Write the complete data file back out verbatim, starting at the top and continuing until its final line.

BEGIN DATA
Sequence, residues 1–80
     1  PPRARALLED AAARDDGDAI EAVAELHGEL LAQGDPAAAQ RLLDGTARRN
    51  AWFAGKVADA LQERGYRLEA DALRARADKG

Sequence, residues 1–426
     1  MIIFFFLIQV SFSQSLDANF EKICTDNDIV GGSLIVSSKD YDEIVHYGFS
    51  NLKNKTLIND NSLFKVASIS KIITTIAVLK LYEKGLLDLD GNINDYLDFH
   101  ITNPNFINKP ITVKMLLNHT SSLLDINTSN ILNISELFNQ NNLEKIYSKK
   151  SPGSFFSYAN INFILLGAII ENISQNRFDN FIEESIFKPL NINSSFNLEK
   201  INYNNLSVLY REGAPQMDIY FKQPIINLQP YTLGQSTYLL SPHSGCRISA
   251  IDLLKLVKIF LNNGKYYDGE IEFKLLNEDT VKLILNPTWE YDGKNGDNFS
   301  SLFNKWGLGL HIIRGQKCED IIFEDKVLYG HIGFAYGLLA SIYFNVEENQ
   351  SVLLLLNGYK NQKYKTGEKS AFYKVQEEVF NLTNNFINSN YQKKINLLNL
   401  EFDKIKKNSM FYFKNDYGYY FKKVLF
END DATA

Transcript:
Sequence, residues 1–80
     1  PPRARALLED AAARDDGDAI EAVAELHGEL LAQGDPAAAQ RLLDGTARRN
    51  AWFAGKVADA LQERGYRLEA DALRARADKG

Sequence, residues 1–426
     1  MIIFFFLIQV SFSQSLDANF EKICTDNDIV GGSLIVSSKD YDEIVHYGFS
    51  NLKNKTLIND NSLFKVASIS KIITTIAVLK LYEKGLLDLD GNINDYLDFH
   101  ITNPNFINKP ITVKMLLNHT SSLLDINTSN ILNISELFNQ NNLEKIYSKK
   151  SPGSFFSYAN INFILLGAII ENISQNRFDN FIEESIFKPL NINSSFNLEK
   201  INYNNLSVLY REGAPQMDIY FKQPIINLQP YTLGQSTYLL SPHSGCRISA
   251  IDLLKLVKIF LNNGKYYDGE IEFKLLNEDT VKLILNPTWE YDGKNGDNFS
   301  SLFNKWGLGL HIIRGQKCED IIFEDKVLYG HIGFAYGLLA SIYFNVEENQ
   351  SVLLLLNGYK NQKYKTGEKS AFYKVQEEVF NLTNNFINSN YQKKINLLNL
   401  EFDKIKKNSM FYFKNDYGYY FKKVLF